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A doctor can obviously help you analyze your symptoms and even take samples to give you a more firm diagnosis. There are different types of worms that can end up infecting you, so it's important to know what you're dealing with! Let's take a look at some of the common ones.

9. Tapeworms

Tapeworms are like the stealthy ninjas of the parasite world, sneaking into unsuspecting bodies through undercooked meat, particularly pork or beef. It’s like an unwanted surprise in your meal, turning what should be a delicious treat into a ticket to an unsettling infestation.
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Around 1,000 people are infected with tapeworms each year. They're typically acquired from eating raw or improperly cooked pork or beef. There has been records of tapeworms as long as 82 feet found in humans! Eek. Common signs are weight loss and fatigue.

10. Flukes

When it comes to unwelcome intestinal visitors, flukes are like the shape-shifters of the parasite realm. These sneaky organisms come in more than 70 different varieties, each with its own distinct characteristics and, often, equally unsettling impact on their unwitting hosts.
Image Source: Reddit
There are more than 70 different types of flukes that can end up latching onto your intestinal tract. They say these can range from a fraction of an inch in length to several inches. Humans usually get infected from eating contaminated food or water unknowingly.

11. Hookworms

Hookworms might not be as famous as pinworms, but they are no less intriguing in their parasitic endeavors. Despite not being in the limelight, these crafty creatures still manage to infiltrate a staggering 750 million people worldwide. That's a sizable number of unsuspecting hosts!
Image Source: Reddit
Hookworms aren't as common as pinworms, but they still infect around 750 million people. They used to be more common in the United States, but as living conditions have improved, they have died off. The thing to know about hookworms is that most people don't have any symptoms!

12. Pinworms

Pinworms take the crown as the reigning champs in the world of intestinal invaders, infecting a staggering population of over 1 billion people globally. They're the MVPs of parasitic infestations, especially in regions like North America.
Image Source: Reddit
Okay, pinworms are way more common. They infect more than 1 billion people in the world. This is the most common worm that will likely live in a human, especially in North America. Children are more susceptible to this particular worm, and they can easily be passed between people who live in under the same roof.

13. Ascariasis

Ascariasis might not be as widespread as some other worm infestations, but it still manages to affect a significant population of around 800,000 individuals worldwide. In the United States, this particular worm infestation is quite rare, with reported cases being sporadic, mostly confined to specific regions like the Southeast.
Image Source: wikidoc
Ascariasis affects 800,000 people around the world. It's very rare in the US, but there have been reported cases in the Southeast. As with the others, the infection comes from contaminated food or water. These worms can grow to be more than a foot long. And like others, it's possible to have this worm and show no symptoms!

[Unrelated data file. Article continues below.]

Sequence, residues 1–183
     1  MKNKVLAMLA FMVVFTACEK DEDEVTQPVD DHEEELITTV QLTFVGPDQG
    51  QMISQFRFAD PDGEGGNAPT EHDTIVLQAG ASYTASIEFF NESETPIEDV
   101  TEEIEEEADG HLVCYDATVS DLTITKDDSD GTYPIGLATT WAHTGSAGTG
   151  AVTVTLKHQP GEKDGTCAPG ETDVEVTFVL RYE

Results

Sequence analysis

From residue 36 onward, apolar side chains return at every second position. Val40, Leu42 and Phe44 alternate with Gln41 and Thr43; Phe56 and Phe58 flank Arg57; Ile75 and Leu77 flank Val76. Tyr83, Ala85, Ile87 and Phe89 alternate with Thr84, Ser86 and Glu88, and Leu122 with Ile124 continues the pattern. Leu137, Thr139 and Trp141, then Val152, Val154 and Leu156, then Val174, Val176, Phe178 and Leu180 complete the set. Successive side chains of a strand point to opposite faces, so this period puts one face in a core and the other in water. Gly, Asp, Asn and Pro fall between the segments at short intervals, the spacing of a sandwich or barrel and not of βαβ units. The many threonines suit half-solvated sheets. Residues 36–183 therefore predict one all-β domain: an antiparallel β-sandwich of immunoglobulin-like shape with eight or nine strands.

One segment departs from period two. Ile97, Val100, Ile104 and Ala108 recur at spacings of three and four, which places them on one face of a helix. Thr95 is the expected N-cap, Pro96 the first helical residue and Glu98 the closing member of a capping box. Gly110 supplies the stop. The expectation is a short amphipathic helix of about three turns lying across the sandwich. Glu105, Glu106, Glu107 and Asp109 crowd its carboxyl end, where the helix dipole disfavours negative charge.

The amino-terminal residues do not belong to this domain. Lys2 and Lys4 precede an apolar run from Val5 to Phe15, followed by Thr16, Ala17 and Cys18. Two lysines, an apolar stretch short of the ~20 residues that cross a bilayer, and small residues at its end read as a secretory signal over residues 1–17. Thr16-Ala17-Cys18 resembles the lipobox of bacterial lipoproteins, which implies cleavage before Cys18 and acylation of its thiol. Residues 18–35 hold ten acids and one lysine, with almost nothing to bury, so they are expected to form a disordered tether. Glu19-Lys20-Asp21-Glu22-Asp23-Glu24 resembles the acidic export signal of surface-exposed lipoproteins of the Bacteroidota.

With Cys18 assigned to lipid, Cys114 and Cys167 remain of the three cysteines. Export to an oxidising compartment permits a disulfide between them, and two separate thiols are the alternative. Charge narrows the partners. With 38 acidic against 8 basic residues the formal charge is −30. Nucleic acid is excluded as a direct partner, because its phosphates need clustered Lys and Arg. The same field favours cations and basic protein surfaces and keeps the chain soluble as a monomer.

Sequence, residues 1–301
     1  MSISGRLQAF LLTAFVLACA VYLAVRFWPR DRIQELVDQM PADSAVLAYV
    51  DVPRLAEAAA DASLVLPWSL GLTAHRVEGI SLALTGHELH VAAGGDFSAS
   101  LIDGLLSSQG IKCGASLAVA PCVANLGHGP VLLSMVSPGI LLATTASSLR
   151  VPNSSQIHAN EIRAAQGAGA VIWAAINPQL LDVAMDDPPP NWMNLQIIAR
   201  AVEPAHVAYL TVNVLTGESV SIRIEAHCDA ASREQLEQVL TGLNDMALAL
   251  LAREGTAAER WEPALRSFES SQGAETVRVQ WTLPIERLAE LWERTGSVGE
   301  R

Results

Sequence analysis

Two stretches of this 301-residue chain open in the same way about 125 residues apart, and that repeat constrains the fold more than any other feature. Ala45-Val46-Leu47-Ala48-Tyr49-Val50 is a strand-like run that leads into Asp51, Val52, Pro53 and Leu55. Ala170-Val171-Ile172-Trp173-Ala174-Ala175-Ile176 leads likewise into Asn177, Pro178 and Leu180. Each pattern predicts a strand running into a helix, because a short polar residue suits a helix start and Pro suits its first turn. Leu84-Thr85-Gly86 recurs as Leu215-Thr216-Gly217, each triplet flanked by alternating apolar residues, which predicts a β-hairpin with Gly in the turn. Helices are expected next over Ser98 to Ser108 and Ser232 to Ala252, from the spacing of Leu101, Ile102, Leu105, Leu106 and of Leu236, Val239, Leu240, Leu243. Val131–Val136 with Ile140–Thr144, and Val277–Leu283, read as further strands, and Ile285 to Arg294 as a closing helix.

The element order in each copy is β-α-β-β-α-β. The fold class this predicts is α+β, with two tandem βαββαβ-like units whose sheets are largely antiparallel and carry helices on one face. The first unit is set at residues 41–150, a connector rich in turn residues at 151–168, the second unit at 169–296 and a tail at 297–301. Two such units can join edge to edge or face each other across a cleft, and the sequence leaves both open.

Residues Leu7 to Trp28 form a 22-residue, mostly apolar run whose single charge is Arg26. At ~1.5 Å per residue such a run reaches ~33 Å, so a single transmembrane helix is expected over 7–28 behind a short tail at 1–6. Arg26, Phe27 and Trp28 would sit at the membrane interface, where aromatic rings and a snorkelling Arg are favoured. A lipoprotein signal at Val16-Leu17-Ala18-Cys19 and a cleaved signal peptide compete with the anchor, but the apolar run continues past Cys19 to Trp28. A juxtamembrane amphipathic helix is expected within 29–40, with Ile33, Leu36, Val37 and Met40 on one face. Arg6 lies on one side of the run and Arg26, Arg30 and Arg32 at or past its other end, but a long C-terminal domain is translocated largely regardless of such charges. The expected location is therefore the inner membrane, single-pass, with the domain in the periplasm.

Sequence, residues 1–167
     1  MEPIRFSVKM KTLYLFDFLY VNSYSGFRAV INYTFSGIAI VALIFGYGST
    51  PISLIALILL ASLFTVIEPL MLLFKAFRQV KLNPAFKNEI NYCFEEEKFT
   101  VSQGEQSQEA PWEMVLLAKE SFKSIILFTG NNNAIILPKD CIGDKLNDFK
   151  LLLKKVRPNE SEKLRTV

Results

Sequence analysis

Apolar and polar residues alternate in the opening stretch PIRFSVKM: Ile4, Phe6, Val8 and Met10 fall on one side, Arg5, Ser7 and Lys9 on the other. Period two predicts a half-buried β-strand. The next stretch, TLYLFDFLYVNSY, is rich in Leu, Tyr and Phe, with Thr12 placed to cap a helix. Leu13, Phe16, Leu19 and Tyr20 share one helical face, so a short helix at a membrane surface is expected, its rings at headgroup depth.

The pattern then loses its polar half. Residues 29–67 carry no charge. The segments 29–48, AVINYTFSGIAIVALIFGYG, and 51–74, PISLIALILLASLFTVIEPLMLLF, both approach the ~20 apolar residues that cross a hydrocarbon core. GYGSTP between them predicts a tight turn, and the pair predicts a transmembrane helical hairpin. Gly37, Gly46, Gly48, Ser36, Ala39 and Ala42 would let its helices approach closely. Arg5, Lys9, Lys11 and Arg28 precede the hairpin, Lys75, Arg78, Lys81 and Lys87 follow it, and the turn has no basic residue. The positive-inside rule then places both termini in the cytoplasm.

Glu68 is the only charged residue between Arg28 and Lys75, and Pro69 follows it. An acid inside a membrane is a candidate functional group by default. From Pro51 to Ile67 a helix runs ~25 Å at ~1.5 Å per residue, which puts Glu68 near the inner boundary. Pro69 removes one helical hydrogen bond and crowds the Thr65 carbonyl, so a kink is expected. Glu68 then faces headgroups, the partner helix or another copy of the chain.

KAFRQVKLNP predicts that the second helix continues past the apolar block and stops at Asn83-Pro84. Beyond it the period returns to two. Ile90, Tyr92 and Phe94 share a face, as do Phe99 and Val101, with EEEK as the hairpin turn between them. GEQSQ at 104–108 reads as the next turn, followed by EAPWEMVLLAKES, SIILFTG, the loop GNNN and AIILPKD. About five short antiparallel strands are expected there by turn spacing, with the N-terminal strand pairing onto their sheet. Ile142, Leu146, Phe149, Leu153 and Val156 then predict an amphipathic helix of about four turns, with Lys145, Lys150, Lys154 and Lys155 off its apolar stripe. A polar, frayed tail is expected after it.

14. In children, these are also symptoms

Pinworms in children can be accompanied by a few sneaky symptoms that might not immediately scream "parasite alert" but are crucial to watch out for. Apart from the more commonly known signs like itchiness around the anal area, there are a few additional red flags that might raise concerns.
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Particularly with pinworms in children, a few additional symptoms to be on the lookout for are a loss of appetite and bedwetting. It may also be more difficult to fall asleep and stay asleep. These symptoms can occur in adults too. But they should be taken seriously, because it's possible for the worm to move from the intestine into the urinary tract or liver, or even the uterus and vagina in women.

15. How are they spread?

The life cycle of pinworms takes a rather unsettling turn, especially during the night. These cunning creatures have a nighttime routine that's enough to make your skin crawl. Picture this: while you're fast asleep, these sneaky parasites, residing within the intestines, make their way out of the anus.
Image Source: Reddit
Warning... this is pretty gross. Worms lay eggs around an infected person's bottom at night time. The worm also secretes a mucus that will likely make the person itchy in that area. If the worm eggs get stuck on someone's fingertips when they scratch, they will be transferred to their mouth, surfaces and clothing. Then other people may touch those areas and become infected.

16. Literally not going to be able to sleep tonight with this information

The life cycle of pinworms is a persistent and unsettling tale that doesn’t just end with their nocturnal escapades. Once these microscopic eggs find their way into the environment, they can survive outside the body for up to two weeks, patiently biding their time before they hatch into a new generation of worms.
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Pinworms can survive up to two weeks before they start hatching. If the eggs stay on and hatch around the bottom, then it's possible that the new worms will re-enter the body. Any eggs that have been swallowed will then hatch inside the intestine. Worms reach adulthood in 2 weeks and then begin the reproduction cycle again.